EXPERT SESSIONS AND ADVICE FROM QUALIFIED AND EXPERIENCED GRASSROOTS RUGBY COACHES

Contact

It’s not always easy to get young players to embrace contact which is why we’ve spent so much time devising and testing contact drills that will help your players grow in confidence. Use them alongside our tackling drills to develop a team of players that are comfortable making and taking contact.

Through the middle

in Contact

A bread and butter session working on beating an organised defence which is right in front of the ball carrier. Sometimes there’s no choice but to go through the defence. MORE

Bump pop rip 3

Bump, pop, rip

in Contact, Practice plans

Keep your players balanced and stable in the contact situation by getting them to “bump, pop, rip”. The “bump” is a controlled drive into the contact area, so the ball carrier is never off balance. He can then pop the ball to a team mate or have it ripped away. The pop is more dynamic, the rip more secure. MORE

How to to be aggressive in contact and present the ball 3

Get it back

in Contact, Practice plans

Being aggressive in the tackle and presenting the ball well will create quicker ball at the ruck. This session focuses on how your players take contact if they can’t avoid it. Winning the contest at the breakdown is a fundamental piece of your core unit skills. MORE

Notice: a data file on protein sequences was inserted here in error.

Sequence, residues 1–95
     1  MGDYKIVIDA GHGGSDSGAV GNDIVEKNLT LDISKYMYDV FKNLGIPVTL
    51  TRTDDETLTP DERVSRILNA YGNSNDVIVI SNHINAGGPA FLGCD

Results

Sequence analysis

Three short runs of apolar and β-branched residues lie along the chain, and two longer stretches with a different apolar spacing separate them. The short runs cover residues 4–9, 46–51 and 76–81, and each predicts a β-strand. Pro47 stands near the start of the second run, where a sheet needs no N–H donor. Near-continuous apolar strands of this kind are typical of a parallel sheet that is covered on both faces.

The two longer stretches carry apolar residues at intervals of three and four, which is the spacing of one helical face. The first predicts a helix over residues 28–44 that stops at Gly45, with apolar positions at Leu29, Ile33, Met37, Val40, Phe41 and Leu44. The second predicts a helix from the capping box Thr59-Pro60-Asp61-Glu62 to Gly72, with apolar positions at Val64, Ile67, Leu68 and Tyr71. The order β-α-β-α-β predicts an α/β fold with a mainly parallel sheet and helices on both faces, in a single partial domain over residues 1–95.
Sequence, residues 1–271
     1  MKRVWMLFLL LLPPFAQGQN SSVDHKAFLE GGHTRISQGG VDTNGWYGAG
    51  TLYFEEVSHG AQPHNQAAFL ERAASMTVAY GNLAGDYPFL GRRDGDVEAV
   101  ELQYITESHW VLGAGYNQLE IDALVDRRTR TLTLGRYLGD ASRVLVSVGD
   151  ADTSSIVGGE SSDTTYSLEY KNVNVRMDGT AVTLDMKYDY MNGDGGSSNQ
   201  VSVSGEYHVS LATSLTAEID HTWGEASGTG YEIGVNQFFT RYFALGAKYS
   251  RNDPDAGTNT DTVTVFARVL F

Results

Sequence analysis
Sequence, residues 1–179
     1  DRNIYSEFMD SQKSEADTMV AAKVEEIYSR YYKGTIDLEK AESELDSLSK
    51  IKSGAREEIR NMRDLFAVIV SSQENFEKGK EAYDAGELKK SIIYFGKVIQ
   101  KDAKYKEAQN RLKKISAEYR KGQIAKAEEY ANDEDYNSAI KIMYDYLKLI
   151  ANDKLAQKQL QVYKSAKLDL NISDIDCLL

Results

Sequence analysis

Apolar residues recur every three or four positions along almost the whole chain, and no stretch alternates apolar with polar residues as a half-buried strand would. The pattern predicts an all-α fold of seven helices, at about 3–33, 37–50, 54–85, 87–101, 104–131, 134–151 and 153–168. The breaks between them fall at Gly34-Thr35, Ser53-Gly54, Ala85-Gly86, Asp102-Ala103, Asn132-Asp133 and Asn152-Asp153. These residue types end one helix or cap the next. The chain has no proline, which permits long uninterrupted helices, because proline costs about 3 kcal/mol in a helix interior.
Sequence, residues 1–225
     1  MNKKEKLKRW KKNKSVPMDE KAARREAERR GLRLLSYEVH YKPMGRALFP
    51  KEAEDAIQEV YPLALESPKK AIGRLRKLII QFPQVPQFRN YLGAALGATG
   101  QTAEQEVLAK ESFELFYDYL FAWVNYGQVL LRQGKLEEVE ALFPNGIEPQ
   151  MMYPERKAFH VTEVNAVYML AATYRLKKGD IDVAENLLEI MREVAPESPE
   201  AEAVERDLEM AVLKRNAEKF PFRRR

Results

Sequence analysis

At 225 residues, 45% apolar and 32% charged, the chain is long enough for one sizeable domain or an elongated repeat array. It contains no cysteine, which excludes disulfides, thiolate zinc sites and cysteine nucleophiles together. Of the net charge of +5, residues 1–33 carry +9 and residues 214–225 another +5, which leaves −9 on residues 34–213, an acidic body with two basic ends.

Top tips to be tackling ready for the new...

in Contact, Rugby drills

Sometimes I still have to pinch myself and realise we have missed 18 months of competitive contact rugby. And watching the attritional British and Irish Lions Tour recently got me thinking about how we as coaches can look to prepare our youth players for the new season. I have put together some non-contact tips on how I would work to improve the tackle technique for my players. MORE

Burst and pop 3

Burst and pop

in Contact, Passing & Handling, Practice plans

This session concentrates on attacking the space behind the defence. The players will work on bursting through the gaps and then popping off to the supporting players. It shouldn’t just be seen as an attacking session though, because you can improve tackling and defensive skills at the same time. MORE

Driving to the edges

in Contact, Rugby drills

Work on attacking the edges of the ruck defence. That means not attacking next to the ruck, but the area often less well-defended two players out. Normal ruck defence is set with two defenders close to the ruck. Attack outside these players. MORE

Hack and plunder

in Contact

This session thrives on the odd directions a rugby ball takes when it rolls along the ground and how the players react to it. It will improve footwork, vision, communication and reactions skills, as well as making for an alternative method of training. MORE

Busy bees: Keep-ball rucking

in Contact, Rucking & Mauling

Though you want to avoid defenders, sometimes you will have to take contact. Develop ways to retain possession at the ruck and after by keeping the ball carrier active in the tackle. Defences will aim to force turnovers if the ball carrier can’t release a pass. If the ball carrier works hard to twist, turn and spin during the tackle, they will become less of a target. MORE

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